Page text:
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An astonishing collection of poetry that speaks to America at the end of the 20th century.
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In this, his third book of poetry, Mark Irwin makes stunning jumps of imagination to create a poetry that is Rilkean in conception and execution, and that speaks to America at the end of the 20th century and to the issues of history, memory, language and consciousness. Irwin's vision is as broad as Whitman's and Hart Crane's, his language propelled by charged rhythms and a lush music. These poems address the American experience, from shopping at Woolworth's to traveling into the Grand Canyon, from the art of Robert Mapplethorpe to that of Andy Warhol, who "watched the working class work and it bored (him) to beauty". At the heart of the collection is the sweeping meditation, "Turbo-Descartes", that probes how our myths and machines effect our memories and desires.About the Author:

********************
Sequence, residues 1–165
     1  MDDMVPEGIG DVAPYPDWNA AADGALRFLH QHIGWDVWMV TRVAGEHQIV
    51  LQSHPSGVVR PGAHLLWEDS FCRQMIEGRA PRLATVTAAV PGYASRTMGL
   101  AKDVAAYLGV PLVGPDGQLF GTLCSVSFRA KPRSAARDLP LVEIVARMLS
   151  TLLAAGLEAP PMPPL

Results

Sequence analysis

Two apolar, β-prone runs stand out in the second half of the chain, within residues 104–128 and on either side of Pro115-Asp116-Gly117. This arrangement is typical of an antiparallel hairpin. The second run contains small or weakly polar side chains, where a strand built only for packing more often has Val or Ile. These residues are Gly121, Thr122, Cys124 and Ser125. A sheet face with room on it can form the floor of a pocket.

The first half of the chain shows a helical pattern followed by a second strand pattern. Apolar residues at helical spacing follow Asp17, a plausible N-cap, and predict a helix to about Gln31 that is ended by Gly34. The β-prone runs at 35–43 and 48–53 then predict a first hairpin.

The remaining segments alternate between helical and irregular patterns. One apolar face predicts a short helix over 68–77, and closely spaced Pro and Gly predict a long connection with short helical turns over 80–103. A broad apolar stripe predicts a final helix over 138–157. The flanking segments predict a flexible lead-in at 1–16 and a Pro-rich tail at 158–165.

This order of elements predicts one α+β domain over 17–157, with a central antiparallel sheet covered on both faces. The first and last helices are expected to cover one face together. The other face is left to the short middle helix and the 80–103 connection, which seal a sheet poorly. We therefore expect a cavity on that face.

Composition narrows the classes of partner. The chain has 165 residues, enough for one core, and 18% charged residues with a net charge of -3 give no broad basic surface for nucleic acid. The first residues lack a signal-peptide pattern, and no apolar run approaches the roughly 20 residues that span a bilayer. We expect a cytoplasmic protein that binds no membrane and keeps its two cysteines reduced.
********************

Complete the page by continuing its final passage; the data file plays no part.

Mark Irwin was born in Faribault, Minnesota and has lived throughout the United States and abroad in France and Italy. He is the author of four previous collections of poetry: The Halo of Desire, Against the Meanwhile, Quick, Now, Always (BOA Editions), and White City (BOA Editions). His poetry and essays have appeared widely in many literary journals. Among his literary awards are National Endowment for the Arts and Ohio Art Council Fellowships, two Pushcart Prizes, the James Wright Poetry Award and a Fulbright Fellowship to Romania. He lives with his family in Denver.
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Book Description Condition: New. New. Seller Inventory # M-1880238314